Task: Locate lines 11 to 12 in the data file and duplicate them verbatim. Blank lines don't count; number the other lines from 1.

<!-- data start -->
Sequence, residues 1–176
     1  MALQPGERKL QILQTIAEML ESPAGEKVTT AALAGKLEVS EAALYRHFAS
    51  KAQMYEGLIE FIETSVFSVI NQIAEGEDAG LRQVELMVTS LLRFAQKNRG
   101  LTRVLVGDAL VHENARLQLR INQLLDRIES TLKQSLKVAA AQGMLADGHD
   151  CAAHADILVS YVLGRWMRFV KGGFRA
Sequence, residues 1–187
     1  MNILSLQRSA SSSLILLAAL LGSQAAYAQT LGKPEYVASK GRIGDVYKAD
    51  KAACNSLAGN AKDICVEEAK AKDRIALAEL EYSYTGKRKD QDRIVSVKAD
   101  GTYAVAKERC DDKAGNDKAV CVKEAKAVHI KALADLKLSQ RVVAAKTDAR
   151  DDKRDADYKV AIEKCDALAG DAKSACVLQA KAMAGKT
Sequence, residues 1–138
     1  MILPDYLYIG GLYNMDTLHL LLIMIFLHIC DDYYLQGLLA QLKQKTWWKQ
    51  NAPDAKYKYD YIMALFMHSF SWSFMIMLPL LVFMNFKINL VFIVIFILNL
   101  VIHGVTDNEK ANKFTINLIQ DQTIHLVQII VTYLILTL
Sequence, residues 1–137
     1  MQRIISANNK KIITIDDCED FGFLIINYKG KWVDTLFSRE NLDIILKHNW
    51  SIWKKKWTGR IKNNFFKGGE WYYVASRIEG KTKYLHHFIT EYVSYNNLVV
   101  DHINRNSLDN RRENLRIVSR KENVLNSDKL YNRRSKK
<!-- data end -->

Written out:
Sequence, residues 1–138
     1  MILPDYLYIG GLYNMDTLHL LLIMIFLHIC DDYYLQGLLA QLKQKTWWKQ